Marion Bartoli’s return to grass-court tennis ended in retirement and defeat to a 15-year-old. Bartoli, who retired within two months of winning Wimbledon last summer, played in an exhibition tournament at Liverpool Cricket Club. Her opponent was Jodie Burrage, from Surrey. Bartoli was losing 7-5, 3-2 when she pulled out with a shoulder problem.

Caption competition
Caption competition
Latest stories from i100
Have you tried new the Independent Digital Edition apps?
Daily Quiz
Independent Dating
and  

By clicking 'Search' you
are agreeing to our
Terms of Use.

Sun, sex and an anthropological study: One British academic's summer of hell in Magaluf

Sun, sex and an anthropological study

One academic’s summer of hell in Magaluf
From Shakespeare to Rising Damp... to Vicious

Frances de la Tour's 50-year triumph

'Rising Damp' brought De la Tour such recognition that she could be forgiven if she'd never been able to move on. But at 70, she continues to flourish - and to beguile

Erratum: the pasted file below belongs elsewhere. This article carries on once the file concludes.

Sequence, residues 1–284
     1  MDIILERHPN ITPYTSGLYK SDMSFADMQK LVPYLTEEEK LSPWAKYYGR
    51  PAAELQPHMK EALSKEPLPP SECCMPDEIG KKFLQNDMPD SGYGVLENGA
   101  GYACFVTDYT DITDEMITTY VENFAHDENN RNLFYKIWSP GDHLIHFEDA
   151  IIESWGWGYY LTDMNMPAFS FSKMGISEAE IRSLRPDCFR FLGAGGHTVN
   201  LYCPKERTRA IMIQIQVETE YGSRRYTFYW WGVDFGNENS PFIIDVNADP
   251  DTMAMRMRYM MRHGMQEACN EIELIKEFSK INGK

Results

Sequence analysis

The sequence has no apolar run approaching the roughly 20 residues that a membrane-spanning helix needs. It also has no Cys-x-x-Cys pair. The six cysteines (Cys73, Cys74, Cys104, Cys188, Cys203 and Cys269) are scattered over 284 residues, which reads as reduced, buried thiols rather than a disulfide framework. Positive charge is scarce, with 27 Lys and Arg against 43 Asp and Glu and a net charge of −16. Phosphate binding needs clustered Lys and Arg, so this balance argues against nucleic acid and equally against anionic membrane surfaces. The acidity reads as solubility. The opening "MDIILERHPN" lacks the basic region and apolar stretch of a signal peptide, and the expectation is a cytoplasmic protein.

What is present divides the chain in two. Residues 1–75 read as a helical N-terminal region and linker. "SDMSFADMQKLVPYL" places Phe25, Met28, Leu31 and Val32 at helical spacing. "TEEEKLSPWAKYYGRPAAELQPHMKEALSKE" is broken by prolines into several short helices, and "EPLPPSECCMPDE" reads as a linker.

'That Whitsun, I was late getting away...'

Ian McMillan on the Whitsun Weddings

This weekend is Whitsun, and while the festival may no longer resonate, Larkin's best-loved poem, lives on - along with the train journey at the heart of it
Kathryn Williams explores the works and influences of Sylvia Plath in a new light

Songs from the bell jar

Kathryn Williams explores the works and influences of Sylvia Plath
How one man's day in high heels showed him that Cannes must change its 'no flats' policy

One man's day in high heels

...showed him that Cannes must change its 'flats' policy
Is a quiet crusade to reform executive pay bearing fruit?

Is a quiet crusade to reform executive pay bearing fruit?

Dominic Rossi of Fidelity says his pressure on business to control rewards is working. But why aren’t other fund managers helping?
The King David Hotel gives precious work to Palestinians - unless peace talks are on